A woman from Essex says she is on "borrowed time" after she was diagnosed with an incurable brain tumour in 2018 and told she had only had up to 18 months to live.
Ria Melvin from Brentwood, Essex, was 23 at the time she was told her cancer was terminal even though she didn't have any symptoms and lived an active lifestyle.
The first she knew of a problem was in December 2018 when she collapsed in Devon while on holiday with her parents for Christmas.
A severe headache on the right side of her head and a sudden loss of strength on her left side led to her falling to the floor and requiring hospital treatment.
The seriousness of the situation became apparent while Ria was in hospital after she underwent multiple tests, writes EssexLive.
She said: "I was taken by ambulance to hospital where I had a CT scan. We were told I had suffered a large bleed on the brain and I was transferred to Derriford Hospital in Plymouth. An MRI scan revealed a mass that had caused the bleeding, suspected to be a tumour.
"Five days later, I underwent a six-hour awake craniotomy to drain all the blood as well as a resection which successfully removed 100 per cent of the tumour.
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“But after the surgery, I was told that my survival prognosis was 12 to 18 months. I am already on borrowed time. It was completely devastating."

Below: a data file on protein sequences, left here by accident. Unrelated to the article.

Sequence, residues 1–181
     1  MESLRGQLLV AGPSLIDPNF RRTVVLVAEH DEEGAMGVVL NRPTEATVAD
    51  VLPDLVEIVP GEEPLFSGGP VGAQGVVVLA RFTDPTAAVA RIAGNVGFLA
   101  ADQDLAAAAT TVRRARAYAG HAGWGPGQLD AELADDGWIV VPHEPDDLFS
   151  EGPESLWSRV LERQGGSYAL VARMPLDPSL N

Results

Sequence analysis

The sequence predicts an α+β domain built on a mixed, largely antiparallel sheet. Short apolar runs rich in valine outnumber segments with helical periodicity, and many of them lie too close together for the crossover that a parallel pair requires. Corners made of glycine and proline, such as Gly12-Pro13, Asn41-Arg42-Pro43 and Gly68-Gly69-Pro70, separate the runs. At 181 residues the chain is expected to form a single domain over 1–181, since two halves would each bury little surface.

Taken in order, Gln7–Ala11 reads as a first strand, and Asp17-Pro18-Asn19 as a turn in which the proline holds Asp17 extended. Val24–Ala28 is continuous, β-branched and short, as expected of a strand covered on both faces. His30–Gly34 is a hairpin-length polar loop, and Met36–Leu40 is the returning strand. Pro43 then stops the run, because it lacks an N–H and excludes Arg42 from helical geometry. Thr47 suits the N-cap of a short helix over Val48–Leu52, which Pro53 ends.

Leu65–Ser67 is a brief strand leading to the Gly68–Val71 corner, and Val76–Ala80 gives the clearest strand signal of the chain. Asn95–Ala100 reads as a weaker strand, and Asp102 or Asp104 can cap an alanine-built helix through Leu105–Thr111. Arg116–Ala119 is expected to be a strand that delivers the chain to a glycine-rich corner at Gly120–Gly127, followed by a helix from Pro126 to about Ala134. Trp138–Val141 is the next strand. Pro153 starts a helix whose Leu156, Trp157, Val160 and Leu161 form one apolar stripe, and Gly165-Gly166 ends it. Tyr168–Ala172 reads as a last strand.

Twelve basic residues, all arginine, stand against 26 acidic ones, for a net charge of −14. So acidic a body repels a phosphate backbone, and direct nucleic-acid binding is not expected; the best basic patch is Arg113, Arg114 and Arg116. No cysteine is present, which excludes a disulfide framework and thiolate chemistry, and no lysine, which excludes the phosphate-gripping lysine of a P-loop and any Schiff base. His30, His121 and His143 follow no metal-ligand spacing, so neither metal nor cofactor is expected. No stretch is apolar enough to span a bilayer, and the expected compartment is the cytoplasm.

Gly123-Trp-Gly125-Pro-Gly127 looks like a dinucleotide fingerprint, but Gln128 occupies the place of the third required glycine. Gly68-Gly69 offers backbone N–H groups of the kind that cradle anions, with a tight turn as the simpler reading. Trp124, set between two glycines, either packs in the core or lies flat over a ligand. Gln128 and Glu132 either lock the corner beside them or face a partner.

Ria was diagnosed with glioblastoma multiforme (GBM) brain tumour, the most aggressive and fast-growing type of cancer that begins within the brain.
In 2020 there were hopes that immunotherapy treatment at a clinic in Cologne in Germany could bring some hope to the desperate situation.
Luck was not on Ria's side though and with Covid causing borders to close and flights to be cancelled the difficult decision to stop the immunotherapy treatment and head back to the UK was made.
Ria said: “Unfortunately, whilst in Germany just before Christmas 2020, I started to deteriorate physically and was having more seizures. I then received the horrible news that my tumour had started to regrow rapidly."
With flights cancelled and borders closed, Ria had to jump on the next flight home and is "devastated" to miss out on her final treatment.
Ria is now campaigning for greater investment into brain tumour research and hopes to raise money for the charity Brain Tumour Research.
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